The UK section of the Orient Express has been scrapped after more than four decades due to Brexit border controls.
The luxurious journey, which famously featured in the Agatha Christie novel ‘Murder on the Orient Express, ran from London to Istanbul via Paris.
But Belmond, the company that operates the service, has announced that “enhanced border and passport controls” mean the company would have to “adjust operations” next year, and bin the UK leg.
The company told The Observer: “We want to avoid any risk of travel disruption for our guests – delays and missing train connections – and provide the highest level of service, as seamless and relaxed as possible.”
Under new post-Brexit regulations, passengers now have to have their passports checked prior to crossing the channel.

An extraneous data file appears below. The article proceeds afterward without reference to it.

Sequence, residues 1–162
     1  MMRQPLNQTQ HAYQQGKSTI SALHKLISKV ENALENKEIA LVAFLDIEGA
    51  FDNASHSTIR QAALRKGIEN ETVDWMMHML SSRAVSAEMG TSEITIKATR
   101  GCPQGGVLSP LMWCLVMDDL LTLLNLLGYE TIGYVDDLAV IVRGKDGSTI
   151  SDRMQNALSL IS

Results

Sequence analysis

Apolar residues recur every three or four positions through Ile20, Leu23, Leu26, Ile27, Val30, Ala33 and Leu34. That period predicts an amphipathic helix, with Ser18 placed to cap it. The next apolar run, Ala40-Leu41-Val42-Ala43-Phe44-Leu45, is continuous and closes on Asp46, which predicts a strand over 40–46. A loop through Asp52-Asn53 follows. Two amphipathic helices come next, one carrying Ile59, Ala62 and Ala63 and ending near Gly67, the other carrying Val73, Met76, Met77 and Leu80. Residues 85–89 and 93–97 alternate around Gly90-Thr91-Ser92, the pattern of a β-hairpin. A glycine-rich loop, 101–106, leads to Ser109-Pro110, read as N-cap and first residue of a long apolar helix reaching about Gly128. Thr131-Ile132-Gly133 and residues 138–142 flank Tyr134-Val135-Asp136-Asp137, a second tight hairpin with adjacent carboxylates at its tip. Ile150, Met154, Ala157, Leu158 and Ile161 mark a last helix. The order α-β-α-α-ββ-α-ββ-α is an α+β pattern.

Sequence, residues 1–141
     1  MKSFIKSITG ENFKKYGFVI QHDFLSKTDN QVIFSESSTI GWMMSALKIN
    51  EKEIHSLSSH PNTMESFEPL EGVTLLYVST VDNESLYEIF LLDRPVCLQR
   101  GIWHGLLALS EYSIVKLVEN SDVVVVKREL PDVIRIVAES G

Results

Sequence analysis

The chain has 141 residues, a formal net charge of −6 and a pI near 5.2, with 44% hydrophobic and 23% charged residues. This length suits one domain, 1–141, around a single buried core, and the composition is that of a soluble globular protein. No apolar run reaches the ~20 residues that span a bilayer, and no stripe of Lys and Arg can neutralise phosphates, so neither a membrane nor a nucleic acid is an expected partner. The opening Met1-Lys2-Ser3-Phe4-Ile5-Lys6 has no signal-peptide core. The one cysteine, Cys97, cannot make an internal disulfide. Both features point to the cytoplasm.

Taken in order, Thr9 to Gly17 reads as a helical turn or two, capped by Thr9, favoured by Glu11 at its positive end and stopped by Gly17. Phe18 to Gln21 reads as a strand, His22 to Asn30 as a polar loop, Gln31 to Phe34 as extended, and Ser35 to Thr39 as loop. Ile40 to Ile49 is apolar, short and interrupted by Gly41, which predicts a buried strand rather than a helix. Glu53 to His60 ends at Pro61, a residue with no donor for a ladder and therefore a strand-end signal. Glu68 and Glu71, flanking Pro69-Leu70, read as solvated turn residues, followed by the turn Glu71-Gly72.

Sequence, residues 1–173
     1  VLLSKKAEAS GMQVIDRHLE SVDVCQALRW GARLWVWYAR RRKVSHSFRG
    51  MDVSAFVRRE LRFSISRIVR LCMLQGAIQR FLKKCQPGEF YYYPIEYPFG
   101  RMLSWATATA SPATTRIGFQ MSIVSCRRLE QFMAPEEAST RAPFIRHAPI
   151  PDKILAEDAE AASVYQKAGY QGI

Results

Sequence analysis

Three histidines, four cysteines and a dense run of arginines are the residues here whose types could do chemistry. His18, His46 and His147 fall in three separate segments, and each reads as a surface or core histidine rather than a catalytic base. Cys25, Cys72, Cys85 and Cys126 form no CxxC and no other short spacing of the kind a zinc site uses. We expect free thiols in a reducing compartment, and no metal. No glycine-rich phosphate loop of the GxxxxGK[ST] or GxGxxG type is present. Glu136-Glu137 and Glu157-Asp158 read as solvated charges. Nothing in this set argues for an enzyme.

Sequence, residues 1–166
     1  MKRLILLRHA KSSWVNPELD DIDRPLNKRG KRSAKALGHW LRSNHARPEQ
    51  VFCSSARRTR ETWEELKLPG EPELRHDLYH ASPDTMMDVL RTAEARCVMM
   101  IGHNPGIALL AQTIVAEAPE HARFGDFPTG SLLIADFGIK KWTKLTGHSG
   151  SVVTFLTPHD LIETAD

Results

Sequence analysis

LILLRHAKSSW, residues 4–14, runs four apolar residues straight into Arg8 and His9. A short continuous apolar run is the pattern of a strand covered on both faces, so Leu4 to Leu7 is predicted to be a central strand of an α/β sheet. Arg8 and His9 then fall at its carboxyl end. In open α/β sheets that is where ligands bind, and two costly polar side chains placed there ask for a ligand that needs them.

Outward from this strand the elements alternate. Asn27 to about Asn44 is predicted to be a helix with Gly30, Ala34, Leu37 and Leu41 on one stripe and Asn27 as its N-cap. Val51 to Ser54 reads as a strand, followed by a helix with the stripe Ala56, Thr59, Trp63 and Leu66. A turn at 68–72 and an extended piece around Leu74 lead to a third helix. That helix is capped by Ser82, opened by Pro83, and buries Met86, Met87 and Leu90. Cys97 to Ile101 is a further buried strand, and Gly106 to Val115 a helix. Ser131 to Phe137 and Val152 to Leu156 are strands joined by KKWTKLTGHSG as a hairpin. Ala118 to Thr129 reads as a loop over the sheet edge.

Biometric scans of fingerprints and faces will also soon be introduced for travellers, as well as more thorough questioning from border officials.
Orient Express passengers had previously been able to ride the service’s luxury art deco carriages from Victoria station to Folkestone before boarding a coach to cross to France, where they could join a Belmond train in Calais.
When the service was first launched 140 years ago, passengers were not required to bring passports, and British travellers were only required to bring the Thomas Cook Continental Timetable.
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